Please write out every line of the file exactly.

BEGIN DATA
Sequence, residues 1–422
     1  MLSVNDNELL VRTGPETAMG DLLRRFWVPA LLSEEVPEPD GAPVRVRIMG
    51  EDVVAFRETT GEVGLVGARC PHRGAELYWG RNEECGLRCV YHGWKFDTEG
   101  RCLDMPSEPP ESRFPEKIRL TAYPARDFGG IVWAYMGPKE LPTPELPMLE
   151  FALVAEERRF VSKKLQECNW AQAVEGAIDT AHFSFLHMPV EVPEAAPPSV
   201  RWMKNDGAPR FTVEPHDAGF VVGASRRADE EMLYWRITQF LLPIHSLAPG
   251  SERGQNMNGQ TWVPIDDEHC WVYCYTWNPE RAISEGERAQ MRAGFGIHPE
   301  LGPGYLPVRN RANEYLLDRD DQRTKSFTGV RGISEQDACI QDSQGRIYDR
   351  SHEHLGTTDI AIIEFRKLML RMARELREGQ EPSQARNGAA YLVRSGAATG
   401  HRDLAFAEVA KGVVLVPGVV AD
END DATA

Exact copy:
Sequence, residues 1–422
     1  MLSVNDNELL VRTGPETAMG DLLRRFWVPA LLSEEVPEPD GAPVRVRIMG
    51  EDVVAFRETT GEVGLVGARC PHRGAELYWG RNEECGLRCV YHGWKFDTEG
   101  RCLDMPSEPP ESRFPEKIRL TAYPARDFGG IVWAYMGPKE LPTPELPMLE
   151  FALVAEERRF VSKKLQECNW AQAVEGAIDT AHFSFLHMPV EVPEAAPPSV
   201  RWMKNDGAPR FTVEPHDAGF VVGASRRADE EMLYWRITQF LLPIHSLAPG
   251  SERGQNMNGQ TWVPIDDEHC WVYCYTWNPE RAISEGERAQ MRAGFGIHPE
   301  LGPGYLPVRN RANEYLLDRD DQRTKSFTGV RGISEQDACI QDSQGRIYDR
   351  SHEHLGTTDI AIIEFRKLML RMARELREGQ EPSQARNGAA YLVRSGAATG
   401  HRDLAFAEVA KGVVLVPGVV AD